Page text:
Now, while the Wendigo in Pet Sematary certainly makes sense (Louis was so greedy when it came to wanting to have more time with his family, he ended up killing all of them and now they’re all stuck being zombie family together forever), the connection isn’t explained in context of the film and that’s frustrating and, in my opinion, a huge missed opportunity. It’s presented as a family horror drama with a light sprinkling of supernatural that’s never actually explained, and I think if you’re gonna bother throwing a Wendigo reference in, you should bother explaining it and expanding on it. Again, maybe in Pet Sematary 2…
So is there a Western piece of media that uses the Wendigo in a more proper way, tying into the original legend a bit more?
Team, let’s talk about Hannibal.
Hannibal is one of my favorite shows from recent years, even though I would absolutely have to take a break in between episodes to let my brain calm down. It’s beautifully shot, beautifully acted, and incredibly fascinating. It’s also incredibly dark, and therefore, not for everyone. But just like Us, there are an infinite number of theories about Hannibal because so much of it is symbolic.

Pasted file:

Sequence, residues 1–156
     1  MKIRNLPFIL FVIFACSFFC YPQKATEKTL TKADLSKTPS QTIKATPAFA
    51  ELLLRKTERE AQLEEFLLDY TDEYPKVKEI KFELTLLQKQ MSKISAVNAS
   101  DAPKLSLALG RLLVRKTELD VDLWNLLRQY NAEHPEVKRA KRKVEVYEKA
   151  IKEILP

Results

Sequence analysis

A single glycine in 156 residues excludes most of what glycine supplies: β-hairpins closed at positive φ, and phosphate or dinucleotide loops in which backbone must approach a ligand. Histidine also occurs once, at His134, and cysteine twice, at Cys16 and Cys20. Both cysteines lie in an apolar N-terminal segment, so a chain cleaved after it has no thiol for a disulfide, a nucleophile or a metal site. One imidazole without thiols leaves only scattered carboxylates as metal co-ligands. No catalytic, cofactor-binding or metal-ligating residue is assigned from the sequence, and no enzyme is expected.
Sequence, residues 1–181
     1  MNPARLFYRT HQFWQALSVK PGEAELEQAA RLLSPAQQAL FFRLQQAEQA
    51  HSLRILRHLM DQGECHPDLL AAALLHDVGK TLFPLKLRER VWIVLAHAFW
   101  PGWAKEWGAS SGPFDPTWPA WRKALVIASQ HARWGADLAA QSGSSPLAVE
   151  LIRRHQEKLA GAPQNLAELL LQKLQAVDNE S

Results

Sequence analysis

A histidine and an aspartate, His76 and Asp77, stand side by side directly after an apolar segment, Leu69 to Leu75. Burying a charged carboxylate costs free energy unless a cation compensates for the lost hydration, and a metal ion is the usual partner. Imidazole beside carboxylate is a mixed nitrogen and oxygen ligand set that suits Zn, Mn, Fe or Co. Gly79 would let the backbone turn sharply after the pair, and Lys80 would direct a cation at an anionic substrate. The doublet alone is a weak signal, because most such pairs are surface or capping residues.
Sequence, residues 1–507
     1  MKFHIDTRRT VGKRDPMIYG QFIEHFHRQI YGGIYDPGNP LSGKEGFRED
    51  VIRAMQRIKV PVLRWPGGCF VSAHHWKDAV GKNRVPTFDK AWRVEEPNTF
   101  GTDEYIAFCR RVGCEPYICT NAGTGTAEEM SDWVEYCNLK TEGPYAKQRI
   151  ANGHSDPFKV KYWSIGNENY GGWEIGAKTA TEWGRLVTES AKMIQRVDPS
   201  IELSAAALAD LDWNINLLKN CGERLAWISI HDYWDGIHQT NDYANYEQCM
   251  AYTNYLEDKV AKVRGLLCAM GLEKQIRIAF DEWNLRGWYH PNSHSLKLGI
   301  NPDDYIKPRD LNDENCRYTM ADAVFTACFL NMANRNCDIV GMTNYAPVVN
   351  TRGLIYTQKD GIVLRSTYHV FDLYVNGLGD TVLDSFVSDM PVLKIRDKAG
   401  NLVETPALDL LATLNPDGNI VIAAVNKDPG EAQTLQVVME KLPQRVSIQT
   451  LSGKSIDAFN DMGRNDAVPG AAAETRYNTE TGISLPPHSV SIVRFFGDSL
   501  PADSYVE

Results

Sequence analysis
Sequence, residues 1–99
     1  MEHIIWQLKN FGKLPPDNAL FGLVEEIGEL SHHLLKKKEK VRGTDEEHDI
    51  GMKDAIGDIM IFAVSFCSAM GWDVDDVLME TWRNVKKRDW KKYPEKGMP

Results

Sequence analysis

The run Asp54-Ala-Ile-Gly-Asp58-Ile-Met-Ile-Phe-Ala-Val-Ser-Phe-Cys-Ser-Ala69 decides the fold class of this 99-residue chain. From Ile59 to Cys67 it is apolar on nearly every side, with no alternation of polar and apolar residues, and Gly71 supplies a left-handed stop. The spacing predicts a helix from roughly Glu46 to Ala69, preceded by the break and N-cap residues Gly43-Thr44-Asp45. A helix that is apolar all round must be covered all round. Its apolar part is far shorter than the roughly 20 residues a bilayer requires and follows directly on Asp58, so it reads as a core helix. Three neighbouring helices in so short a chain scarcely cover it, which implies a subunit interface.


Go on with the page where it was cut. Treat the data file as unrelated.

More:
On the surface level, it makes sense to have Wendigo symbolism in a show about the most famous fictional cannibal…ever, but the show gives us so much more than that. There’s so much to infer when the Wendigo comes onscreen (besides the fact that the Wendigo is revealed to be, of course, Hannibal himself). All of the characters in Hannibal are both incredibly likable and incredibly unlikable all at once. Hannibal himself is classy, lonely, put-together but also incredibly evil–his quiet demeanor makes him all the more frightening when we see him kill. Will Graham is just a mess, but he’s also lonely, confused, and brilliant. Both Hannibal and Will are greedy for what they find in each other. Hannibal thinks Will is fascinating, incredibly talented, and incredibly broken. He finds a mirror in Will that he didn’t think was possible. Likewise, Will finds a human in Hannibal he didn’t expect to since he’s actually the killer he’s been hunting this whole time. But they’re also greedy in what they do in everyday life. Hannibal is greedy for recognition and, of course, for killing (and eating). Will is greedy for recognition, too, but in a way that gets him respect so people stop thinking he’s crazy. It’s a beautiful character study of a story, and the Wendigo serves as an important symbol that isn’t shied away from or used for cheap scares.